Author Topic: rebore or not to rebore do I do it, thats the question!  (Read 3636 times)

Offline RGS man

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RGS man
Ok I have stripped off the rocker box and head. the haed is now off to have the plug holes welded and redrilled etc, the thing should be mint when I get it back.
Now the thing is this. Do i take off the barrells (I havent done this before). there seemd to be very little movement in the pistons(which are incidentally +30). I have a feeling that after speaking to dealers etc that I should rebore and fit new pistons etc. The cost isnt the issue, its the fact that I'm scared of doing it in case I totally stuff it up. I will probably get pistons etc from Lyford Classics unless anybody has any other ideas. Its just fitting rings and getting them back in the barrells thats freaking me out.
Some imput would be great.
1963 RGS
1970 Commando Fastbck
1973 Cb750/4
2009 Yamaha XJR 1300
2002 GSXR 600

Offline Mosin

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Hi RGS,

I did this a few months ago on my A7SS and, like you, I was scared of mucking something up, but with a lot of help and support from forum members I decided to tackle it. It was actually a doddle! In fact, getting the head back on and the pushrods aligned into the rockerbox was much more difficult and time consuming than refitting the barrels.

The only problem I experienced was that some of the piston rings were the wrong size, so I would suggest trying them ALL in the bore of the barrel first and checking that the gap is correct. Don't just assume that every ring in a packet is going to be the same size!

Other than that, everything is in the preperation:

When you come to refit the barrels, make sure that they are well suported on the top of the crank case with some bits of wood (it's worth taking the time to fashion a couple of bits that are exactly right for the purpose) Make sure that these don't scuff the new base gasket that you have fitted. Then make sure you use a pair of piston ring compressors which you have oiled slightly on the inside. They need to be tight enough to compress the rings but not so tight as they won't slide down as required. After this it's just a case of sliding the barrels down evenly over the pistons and once they are down removing the compressors. I have heard tell that this is a two-man job, but to be honest I did it myself with no difficulties whatsoever. I think that the trick lies in making sure that the pistons are really well supported underneath so they sit absolutely still during the process.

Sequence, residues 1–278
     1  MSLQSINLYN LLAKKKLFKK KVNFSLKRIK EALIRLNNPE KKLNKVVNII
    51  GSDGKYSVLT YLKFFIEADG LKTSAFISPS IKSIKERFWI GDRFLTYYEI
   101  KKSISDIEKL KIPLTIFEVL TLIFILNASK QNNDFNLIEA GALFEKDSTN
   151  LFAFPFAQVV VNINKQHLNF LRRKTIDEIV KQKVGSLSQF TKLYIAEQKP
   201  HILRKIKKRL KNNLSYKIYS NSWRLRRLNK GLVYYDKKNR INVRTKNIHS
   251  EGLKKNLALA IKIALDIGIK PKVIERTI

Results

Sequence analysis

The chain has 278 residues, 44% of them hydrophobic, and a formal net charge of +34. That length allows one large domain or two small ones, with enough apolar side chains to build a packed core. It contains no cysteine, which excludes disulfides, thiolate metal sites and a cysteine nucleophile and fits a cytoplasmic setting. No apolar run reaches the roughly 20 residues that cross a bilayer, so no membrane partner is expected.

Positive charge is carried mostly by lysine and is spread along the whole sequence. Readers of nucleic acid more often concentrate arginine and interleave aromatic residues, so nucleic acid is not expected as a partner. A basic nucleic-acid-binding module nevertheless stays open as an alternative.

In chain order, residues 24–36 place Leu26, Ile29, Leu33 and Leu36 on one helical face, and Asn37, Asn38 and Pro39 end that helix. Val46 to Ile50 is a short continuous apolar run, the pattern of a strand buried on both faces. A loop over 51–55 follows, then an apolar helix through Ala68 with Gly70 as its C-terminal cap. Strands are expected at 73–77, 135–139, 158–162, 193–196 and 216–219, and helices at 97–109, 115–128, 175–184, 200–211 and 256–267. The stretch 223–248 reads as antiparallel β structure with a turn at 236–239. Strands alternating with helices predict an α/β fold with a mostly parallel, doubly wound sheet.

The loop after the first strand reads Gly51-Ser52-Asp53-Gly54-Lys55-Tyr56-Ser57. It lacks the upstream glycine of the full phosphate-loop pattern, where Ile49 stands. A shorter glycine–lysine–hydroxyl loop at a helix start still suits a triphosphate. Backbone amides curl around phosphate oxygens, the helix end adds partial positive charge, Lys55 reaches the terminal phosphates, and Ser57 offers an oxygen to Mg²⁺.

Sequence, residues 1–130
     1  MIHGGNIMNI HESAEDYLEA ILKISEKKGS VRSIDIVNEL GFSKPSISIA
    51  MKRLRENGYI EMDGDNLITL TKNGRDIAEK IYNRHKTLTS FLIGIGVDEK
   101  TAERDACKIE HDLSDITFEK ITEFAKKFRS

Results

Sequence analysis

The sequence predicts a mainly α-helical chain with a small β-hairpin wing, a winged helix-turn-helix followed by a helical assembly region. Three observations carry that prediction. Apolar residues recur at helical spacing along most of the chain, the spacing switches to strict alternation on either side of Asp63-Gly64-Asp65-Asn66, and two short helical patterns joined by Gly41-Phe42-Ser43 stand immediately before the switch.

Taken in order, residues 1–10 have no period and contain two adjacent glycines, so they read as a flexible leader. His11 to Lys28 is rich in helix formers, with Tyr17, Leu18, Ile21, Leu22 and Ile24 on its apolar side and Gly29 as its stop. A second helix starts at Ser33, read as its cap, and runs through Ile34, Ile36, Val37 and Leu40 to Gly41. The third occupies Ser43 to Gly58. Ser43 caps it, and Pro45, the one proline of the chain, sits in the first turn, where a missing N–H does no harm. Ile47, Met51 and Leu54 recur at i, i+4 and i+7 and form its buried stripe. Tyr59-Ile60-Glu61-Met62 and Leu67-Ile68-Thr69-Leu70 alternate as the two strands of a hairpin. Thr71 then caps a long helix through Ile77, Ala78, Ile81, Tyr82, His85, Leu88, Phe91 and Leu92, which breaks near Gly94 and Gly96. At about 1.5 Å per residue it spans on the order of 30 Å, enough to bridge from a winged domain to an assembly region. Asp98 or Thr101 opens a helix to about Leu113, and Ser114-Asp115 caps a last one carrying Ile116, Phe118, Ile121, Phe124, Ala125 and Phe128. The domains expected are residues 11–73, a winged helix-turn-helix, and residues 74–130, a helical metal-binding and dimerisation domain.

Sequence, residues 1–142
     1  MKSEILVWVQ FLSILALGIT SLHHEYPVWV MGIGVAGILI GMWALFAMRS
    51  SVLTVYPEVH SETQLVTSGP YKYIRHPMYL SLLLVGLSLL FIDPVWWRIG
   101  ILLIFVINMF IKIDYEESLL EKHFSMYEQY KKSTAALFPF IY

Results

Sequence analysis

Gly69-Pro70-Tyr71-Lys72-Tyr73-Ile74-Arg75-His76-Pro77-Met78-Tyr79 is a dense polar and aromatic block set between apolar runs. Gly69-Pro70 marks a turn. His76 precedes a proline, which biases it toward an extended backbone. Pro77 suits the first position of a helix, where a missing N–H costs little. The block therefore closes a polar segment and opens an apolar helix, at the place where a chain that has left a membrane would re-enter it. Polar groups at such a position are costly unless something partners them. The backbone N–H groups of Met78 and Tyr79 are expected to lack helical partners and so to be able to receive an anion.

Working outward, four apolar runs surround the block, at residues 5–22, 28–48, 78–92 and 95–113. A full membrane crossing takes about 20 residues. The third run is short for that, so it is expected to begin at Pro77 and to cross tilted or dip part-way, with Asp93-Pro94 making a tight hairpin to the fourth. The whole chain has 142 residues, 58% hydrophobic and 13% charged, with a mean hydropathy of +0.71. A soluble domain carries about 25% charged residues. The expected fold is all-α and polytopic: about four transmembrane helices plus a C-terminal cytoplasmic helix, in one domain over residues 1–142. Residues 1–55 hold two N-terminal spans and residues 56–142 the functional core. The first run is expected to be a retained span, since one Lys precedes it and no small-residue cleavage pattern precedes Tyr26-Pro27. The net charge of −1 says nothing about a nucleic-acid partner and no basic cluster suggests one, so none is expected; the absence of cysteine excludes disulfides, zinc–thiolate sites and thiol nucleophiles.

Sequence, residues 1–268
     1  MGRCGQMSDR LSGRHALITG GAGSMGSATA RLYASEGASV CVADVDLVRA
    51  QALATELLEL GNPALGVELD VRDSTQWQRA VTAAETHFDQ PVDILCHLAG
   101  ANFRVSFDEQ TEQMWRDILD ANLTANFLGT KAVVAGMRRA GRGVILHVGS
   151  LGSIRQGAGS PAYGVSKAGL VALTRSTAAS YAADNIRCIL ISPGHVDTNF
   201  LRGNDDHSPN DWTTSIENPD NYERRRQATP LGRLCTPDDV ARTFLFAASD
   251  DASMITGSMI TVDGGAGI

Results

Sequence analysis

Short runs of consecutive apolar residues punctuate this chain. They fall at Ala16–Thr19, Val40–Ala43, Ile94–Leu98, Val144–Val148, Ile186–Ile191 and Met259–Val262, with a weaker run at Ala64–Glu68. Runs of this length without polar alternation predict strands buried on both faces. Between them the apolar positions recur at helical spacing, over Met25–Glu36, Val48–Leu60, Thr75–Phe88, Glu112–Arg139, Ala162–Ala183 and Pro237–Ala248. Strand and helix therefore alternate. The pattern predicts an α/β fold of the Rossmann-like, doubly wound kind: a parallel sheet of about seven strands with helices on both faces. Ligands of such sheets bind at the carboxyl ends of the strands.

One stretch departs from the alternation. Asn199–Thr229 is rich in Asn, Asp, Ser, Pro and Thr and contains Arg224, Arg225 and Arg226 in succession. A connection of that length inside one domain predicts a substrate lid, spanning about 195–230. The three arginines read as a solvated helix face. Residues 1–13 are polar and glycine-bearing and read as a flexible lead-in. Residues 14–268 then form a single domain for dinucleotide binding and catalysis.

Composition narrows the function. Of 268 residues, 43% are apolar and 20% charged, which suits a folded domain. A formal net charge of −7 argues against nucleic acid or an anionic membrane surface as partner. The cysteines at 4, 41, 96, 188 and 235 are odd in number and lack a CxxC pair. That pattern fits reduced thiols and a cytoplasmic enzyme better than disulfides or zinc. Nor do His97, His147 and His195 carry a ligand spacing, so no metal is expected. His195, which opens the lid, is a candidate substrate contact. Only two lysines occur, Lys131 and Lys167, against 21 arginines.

Be brave, like a lion, and let us know how you get on!

Simon

 
1960 A7 Shooting Star
1959 D3 Bantam
1994 Triumph Trident 900

North West England

Offline Rusty nuts

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If she runs fine with good compression, no smoke & no piston slap I wouldn't bother unless you got money burning a hole in your pocket.
With the head off you can see the state of the bores with pistons at BDC.

Removing & replacing barrels/pistons is straightforward job requiring no special skill even if not mechanically minded.
I think you'll find replacing the head (pushrods) a trickier job.
Putting it back together is easier with two pairs of hands & piston ring clamps, but not necessary.
Fitting rings to piston without breaking is simple if done properly. I just use three pieces of card to ease on, remember to gap them first (mucho important).
If you do remove barrels pack a rag in the cranckase mouth as you lift barrels off & leave there until it's all going back on.